Beep, beep, beep. What does the thermometer say, my boy? Pardon? 39.6C… holy fires of hell, that’s not good. Not good at all; I am only Day Zero plus 51 days and no way should I be burning up with such a high temperature. Pulse rate? Seems a bit fast, No need to panic; you know the drill. Call an ambulance, mention you have recently had chemotherapy and a bone marrow transplant and politely remind them to keep checking for sepsis. Despatch son to stay the night at a friend’s and plead with the ambulance NOT to take you back to the hospital in Canterbury. I know we are meant to be grateful for a Nationalised Heath Service, but my previous stay in Canterbury Hospital had been more than enough for one lifetime. So off to Ashford Hospital we go, to another barrage of blood and urine tests and IV fluids and more incredulous faces when I explained my recent trip to the land of the fabulous babouska doll. Jeez, you’d think I was the first person from the UK to ever go overseas for medical treatment. Guys, wake up… we’re in the 21st century now; medical tourism really isn’t that big of a deal. Initial tests pointed to urine infection, but I’d had no symptoms? As the days went by, it was confirmed that I had an e-coli urinary tract infection. The world of HSCT is pretty small, so in no time at all, I had made contact with my HSCT cyber-buddy Kate, in New Zealand, who I knew was also back in hospital with a UTI as well. “No messing around” she said. Actually being a Kiwi she actually said, “Ni missing arrind”, but I knew what she meant. It is very common for post-HSCT patients to get UTIs, but they’re cany little buggers, and are really hard to shift. Five days of IV gentamicin was her advice, no alternative!! Boy, that was a fight with the medical staff; they kept taking me off the IV and trying tablets, which I would then promptly throw up, allowing the UTI to flair up again. Eventually after several days of squabbling, they finally gave me 5 straight days of IV antibiotics and hey presto, the UTI finally gave up it’s fight. Shame we wasted 4 days first squabbling over what treatment was required.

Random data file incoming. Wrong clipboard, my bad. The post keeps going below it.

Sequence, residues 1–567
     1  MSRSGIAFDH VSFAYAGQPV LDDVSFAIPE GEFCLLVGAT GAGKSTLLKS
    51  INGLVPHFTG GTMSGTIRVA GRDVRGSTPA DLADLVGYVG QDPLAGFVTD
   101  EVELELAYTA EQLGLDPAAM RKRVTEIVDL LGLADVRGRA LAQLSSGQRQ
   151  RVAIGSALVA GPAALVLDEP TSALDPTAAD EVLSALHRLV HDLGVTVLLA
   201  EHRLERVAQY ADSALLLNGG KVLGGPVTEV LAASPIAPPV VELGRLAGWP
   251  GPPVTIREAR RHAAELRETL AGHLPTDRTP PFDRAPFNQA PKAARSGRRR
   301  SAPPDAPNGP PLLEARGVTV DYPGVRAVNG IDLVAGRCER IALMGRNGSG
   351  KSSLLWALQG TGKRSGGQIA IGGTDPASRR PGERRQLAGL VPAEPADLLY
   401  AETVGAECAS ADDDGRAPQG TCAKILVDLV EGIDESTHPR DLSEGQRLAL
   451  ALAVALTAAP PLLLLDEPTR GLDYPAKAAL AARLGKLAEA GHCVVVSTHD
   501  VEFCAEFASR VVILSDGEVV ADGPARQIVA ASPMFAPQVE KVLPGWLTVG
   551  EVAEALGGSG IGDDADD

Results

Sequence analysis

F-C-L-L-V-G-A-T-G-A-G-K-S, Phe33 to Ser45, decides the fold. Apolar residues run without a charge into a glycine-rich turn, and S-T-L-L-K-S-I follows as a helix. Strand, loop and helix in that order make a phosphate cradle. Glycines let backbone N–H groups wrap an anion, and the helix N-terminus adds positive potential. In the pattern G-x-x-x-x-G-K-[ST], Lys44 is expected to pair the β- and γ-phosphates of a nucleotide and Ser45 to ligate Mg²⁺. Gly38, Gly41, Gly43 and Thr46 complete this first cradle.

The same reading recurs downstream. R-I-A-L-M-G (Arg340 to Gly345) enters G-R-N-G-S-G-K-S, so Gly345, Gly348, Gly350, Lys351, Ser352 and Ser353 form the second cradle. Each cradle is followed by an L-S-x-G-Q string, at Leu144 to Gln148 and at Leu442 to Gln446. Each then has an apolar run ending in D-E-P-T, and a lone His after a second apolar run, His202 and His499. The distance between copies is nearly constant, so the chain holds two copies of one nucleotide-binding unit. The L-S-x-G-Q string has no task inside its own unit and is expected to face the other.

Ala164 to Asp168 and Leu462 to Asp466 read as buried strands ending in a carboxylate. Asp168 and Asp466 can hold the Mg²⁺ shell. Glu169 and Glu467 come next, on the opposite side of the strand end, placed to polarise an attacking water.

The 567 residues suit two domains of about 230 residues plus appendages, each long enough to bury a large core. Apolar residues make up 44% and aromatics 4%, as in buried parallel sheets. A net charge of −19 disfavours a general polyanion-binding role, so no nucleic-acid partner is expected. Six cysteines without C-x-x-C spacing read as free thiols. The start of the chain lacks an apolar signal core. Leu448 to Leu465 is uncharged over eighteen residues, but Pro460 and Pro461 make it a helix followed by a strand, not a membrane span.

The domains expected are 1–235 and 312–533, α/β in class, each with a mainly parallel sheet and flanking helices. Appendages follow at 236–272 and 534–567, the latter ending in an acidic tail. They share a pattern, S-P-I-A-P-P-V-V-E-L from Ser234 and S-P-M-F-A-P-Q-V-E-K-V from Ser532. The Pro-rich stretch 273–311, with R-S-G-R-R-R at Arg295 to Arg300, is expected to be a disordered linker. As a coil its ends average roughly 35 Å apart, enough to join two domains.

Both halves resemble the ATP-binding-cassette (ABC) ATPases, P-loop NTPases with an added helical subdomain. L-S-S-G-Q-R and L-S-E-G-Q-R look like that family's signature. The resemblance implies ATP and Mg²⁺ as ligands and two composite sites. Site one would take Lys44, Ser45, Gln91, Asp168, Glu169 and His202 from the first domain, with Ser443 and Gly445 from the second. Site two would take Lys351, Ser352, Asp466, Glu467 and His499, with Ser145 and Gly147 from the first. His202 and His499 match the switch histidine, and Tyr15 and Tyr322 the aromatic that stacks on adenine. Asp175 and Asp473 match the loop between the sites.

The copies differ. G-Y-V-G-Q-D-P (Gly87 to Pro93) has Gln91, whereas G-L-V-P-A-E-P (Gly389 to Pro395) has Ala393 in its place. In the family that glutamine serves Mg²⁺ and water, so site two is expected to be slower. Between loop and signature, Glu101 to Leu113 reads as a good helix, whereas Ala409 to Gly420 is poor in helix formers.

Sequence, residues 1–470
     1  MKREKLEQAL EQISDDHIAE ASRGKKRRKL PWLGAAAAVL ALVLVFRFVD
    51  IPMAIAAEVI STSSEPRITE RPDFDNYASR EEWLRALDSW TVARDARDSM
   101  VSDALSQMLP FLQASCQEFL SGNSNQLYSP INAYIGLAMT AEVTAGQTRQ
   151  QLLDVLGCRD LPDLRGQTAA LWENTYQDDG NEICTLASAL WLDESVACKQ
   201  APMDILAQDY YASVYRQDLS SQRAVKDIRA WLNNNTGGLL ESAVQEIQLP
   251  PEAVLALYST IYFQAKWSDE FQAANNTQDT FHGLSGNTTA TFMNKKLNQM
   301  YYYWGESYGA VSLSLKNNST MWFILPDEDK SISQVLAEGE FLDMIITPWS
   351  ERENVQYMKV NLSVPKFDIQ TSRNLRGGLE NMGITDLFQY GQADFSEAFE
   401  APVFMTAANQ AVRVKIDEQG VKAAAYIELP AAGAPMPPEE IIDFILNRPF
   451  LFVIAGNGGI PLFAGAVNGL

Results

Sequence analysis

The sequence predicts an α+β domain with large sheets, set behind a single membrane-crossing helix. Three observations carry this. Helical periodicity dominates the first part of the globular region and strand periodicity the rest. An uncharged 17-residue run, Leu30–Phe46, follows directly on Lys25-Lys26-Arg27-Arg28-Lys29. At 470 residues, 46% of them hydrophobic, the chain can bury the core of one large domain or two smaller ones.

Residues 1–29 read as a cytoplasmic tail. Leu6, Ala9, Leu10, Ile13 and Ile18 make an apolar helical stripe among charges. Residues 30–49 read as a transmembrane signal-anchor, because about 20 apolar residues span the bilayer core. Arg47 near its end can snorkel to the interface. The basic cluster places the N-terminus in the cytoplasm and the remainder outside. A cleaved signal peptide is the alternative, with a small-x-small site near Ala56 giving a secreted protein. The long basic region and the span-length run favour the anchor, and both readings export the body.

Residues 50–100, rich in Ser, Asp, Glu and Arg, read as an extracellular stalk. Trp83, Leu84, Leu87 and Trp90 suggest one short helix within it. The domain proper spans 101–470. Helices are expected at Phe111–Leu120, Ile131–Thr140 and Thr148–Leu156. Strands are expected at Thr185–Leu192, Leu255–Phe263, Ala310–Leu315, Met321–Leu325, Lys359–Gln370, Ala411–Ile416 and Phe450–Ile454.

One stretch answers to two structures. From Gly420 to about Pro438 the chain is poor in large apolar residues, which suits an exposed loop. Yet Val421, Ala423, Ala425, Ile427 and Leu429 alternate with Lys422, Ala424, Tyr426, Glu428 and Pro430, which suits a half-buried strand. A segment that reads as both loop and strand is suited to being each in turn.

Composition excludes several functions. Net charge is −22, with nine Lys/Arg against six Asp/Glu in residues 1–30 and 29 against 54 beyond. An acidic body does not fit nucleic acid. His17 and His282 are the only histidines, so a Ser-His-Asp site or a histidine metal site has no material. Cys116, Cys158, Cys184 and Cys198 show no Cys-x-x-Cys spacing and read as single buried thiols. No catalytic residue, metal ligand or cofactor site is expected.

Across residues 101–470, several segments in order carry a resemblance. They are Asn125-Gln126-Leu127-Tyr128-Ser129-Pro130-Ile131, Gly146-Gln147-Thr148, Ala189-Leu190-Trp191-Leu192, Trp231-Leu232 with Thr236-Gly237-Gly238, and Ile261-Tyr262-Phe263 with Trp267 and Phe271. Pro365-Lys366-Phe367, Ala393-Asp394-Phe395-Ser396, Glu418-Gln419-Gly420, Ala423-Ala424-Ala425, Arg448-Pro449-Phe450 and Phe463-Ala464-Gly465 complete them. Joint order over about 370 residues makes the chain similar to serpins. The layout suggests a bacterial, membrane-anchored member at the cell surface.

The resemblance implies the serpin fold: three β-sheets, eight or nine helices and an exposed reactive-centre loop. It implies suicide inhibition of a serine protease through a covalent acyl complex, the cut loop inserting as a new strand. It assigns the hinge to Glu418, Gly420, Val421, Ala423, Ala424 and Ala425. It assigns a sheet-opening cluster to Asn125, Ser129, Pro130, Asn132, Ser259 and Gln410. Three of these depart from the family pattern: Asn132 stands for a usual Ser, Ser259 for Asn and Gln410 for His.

Finally on 12th May, I left my last hospital. 4 different hospitals in 8 weeks, more than enough medical excitement for a lifetime. So home now please, Mr Ambulance Man. HOME… at last.

Still Alive! (Day -4 to Day +15)

Now some of you may be shocked, to have received a notification, that this blog has been updated! Yes, I know… I stopped rather abruptly half way through treatment. And of course, those of you who ever listened to the Neurologists (apparently some people do still give them ear space), will undoubtedly know that HSCT will kill you. Ergo, did I die?

HAHAHA! Still alive you suckers. No, not you dear readers; the idiot Neurologist suckers who said I’d die. Now in reality, I did have a pretty tough time, after I stopped blogging. But you see it was getting really difficult, to write sensibly, while dustbins and aliens were dancing across my ceiling. Yes, folks you guessed it, I was one of the pretty rare cases, that through some frightful reaction to “something”, ended up with hallucinations. Astonishingly, none of which contained either George Clooney or Adam Levine. Lucky old me just got boring aliens: albeit strangely enough with American flags! Guess that’s a perverse shout out to the Texans that were being transplanted at the same time? Or maybe my alien hallucinations were somehow connected to Neil Armstrong and his moon landing? “Hey, Neil, recall your aliens immediately; they’ve invaded my ISO room”.